Just Keep Layering

This week’s Documented Life Project challenge was layering and “Don’t Stop Til You Get Enough!” (free earworm) so clearly the idea was to layer a page to the maximum.  Layering is something I have struggled with.  Finding that balance between creating interest and it tipping over into visually chaotic mess, between colours that chime and sing together and making mud, has been a steep learning curve for me and one where I have yet to reach the summit.  Regardless, I decided to amp up the level of difficulty even more by deciding to work with a colour palette I would find difficult to keep from turning into grungy sludge: flamingo pink, bright yellow, turquoise and lime.  Alas, my lime acrylic is not quite limey enough so it did get a bit muddy.

I couldn’t embark on a page without having an end goal in mind.  I know a lot of art journallers and mixed media artists can just playfully develop a page or piece without having any level of intention in mind but I need to have something I am working towards from the get-go otherwise I stall.  Since this week is Valentine’s Day, I thought it would be appropriate to make that the focus.  My favourite love song – and one of my very favourite songs generally –  is ‘There Is A Light That Never Goes Out’ by The Smiths so that was my inspiration.

Week 6 - Layers

Not that I imagine anyone can learn anything from my process but here are the layers involved in creating my page:

  1. Turquoise and lime acrylic scraped on the page with a gift card
  2. Scraps of yellow and pink tissue paper glued onto the page
  3. Strips of washi tape stuck in rows to the page
  4. Yellow paint through a dot / small circle stencil
  5. Large yellow circles stamped on the page with a cork
  6. Turquoise circles stamped onto the page using the end of a wooden utensil
  7. Pink paint through a love heart stencil
  8. Stamped pink circles using the end of a pencil top eraser
  9. Spatter of pink, yellow and turquoise paint
  10. Small dots of lime paint
  11. Dots of white acrylic paint around the edges of the pink love hearts to emphasise the hearts on the page
  12. Stamped the chorus of the song lyrics onto deli paper and adhered that deli paper to the page using gel matte medium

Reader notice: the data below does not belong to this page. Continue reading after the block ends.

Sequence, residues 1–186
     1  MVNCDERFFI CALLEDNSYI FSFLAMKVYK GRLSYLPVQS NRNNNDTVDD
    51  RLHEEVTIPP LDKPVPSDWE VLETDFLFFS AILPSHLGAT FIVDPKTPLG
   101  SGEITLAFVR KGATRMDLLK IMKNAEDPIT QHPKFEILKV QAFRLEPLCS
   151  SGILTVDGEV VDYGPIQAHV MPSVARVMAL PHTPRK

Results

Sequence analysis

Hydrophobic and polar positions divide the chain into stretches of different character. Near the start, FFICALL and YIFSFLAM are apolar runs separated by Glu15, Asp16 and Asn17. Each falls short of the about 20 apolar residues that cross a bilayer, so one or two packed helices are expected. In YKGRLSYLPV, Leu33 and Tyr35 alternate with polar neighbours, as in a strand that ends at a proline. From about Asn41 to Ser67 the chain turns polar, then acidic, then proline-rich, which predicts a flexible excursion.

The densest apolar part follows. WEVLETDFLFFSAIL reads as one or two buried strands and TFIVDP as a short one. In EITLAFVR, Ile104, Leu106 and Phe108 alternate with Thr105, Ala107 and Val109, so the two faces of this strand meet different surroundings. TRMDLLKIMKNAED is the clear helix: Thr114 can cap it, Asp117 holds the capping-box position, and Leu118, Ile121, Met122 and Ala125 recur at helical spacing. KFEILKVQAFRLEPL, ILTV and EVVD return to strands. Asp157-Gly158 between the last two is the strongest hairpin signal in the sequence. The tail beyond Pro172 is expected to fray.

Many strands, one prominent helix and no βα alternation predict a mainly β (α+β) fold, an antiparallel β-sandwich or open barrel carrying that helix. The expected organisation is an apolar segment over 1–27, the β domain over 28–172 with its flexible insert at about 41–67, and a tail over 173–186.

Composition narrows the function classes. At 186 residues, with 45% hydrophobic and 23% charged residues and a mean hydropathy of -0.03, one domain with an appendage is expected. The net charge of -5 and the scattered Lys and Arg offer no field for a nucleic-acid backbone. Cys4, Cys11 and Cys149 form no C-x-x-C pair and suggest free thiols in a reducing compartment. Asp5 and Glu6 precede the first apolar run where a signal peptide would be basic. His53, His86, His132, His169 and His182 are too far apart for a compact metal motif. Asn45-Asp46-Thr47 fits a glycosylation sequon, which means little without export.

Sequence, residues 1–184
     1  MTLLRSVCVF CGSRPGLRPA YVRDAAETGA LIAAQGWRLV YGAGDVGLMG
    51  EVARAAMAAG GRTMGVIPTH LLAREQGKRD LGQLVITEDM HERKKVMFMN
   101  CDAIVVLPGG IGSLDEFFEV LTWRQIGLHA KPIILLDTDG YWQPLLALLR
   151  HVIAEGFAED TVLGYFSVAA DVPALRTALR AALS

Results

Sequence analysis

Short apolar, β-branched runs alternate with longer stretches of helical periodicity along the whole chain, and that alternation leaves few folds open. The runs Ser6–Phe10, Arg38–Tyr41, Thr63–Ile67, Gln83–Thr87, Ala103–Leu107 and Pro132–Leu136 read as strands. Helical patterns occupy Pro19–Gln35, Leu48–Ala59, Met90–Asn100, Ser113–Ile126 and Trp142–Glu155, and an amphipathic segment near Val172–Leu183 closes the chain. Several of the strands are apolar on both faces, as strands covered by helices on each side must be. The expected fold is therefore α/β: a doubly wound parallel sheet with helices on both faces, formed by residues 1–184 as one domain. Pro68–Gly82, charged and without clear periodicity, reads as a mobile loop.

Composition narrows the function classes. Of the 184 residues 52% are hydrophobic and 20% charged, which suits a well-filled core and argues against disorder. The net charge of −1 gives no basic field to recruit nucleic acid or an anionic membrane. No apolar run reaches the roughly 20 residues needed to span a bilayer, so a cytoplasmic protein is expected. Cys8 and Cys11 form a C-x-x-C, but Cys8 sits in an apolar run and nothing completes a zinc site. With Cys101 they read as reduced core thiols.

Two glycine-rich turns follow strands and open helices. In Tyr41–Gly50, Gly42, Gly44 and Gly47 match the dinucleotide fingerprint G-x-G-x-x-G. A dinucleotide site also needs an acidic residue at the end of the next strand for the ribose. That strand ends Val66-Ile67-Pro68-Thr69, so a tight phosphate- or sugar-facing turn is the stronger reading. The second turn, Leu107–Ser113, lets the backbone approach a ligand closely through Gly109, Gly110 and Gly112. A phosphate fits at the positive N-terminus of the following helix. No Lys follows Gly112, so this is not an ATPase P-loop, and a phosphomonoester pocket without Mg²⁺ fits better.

Twelve layers!  That’s an all-time record for me.

17 thoughts on “Just Keep Layering

    • Thank you. The green annoys me because I wanted it to be more citrus than it is and it, therefore, looks dull against the other colours but I am quite impressed with just how many layers I managed to create on the page given that layering is not particularly my thing.

  1. Good job on the layering! I learned I could use a wooden utensil for mark making! I never splatter – it goes everywhere but the paper. I am just not a splatterer I guess. I admire those who can make it work. While I can see what you mean about the hue of green, none the less the page is vibrant and colourful and eye catching – most definitely a GOOD one!

  2. I moved from Minnesota to Cornwall, and that’s what I blog about, so when I saw “layering” in your title my immediate assumption was that you were learning to cope with cold weather. Layering is what Minnesotans do in the winter. In fact, kids wear so many layers that their arms don’t rest next to their rib cages until April. But of course: You’re in Pennsylvania, and from Scotland, so whatever culture shock you’re undergoing it’s probably not thermal.

    And now that I’ve adjusted to your actual topic, nice post.

    • Thank you for your lovely comment. I will need to visit your blog and read about US-UK immigration in the other direction.

      We are indeed pretty expert about wearing layers. We lived in Argyll which really can experience all seasons in one day so layering was an absolute must. We get colder, snowier winters here in PA than we did in Argyll (thanks to the Gulf Stream and salt from the sea lochs) but I can cope happily with just about any standard weather other than heavy rain. Deluges of rain are just depressing and were sadly rather common in Argyll but less frequent here.

      Thanks for visiting my blog and for commenting. 🙂

      • It seems to be the rain that gets to people in Cornwall as well–and the dark. But after living in Minnesota, my partner and I think we’ve moved to the tropics.

        Your blog’s a pleasure.

      • Thank you. That’s very kind of you to say so. I’ve yet to visit Minnesota (I’ve been to 25 states so my ambition is to visit the other 25) but I can imagine that you’ve undergone a climate change transition.

        The light was something that struck me in my first months living in America. We emigrated in mid-October so it was already dark in late afternoon in Scotland whereas we had bright sunlight until quite a way into the evening in Pennsylvania. The time for dusk just doesn’t vary much at all across the year here actually which is a big contrast to how it was in Scotland.

        Thanks again for visiting and commenting.

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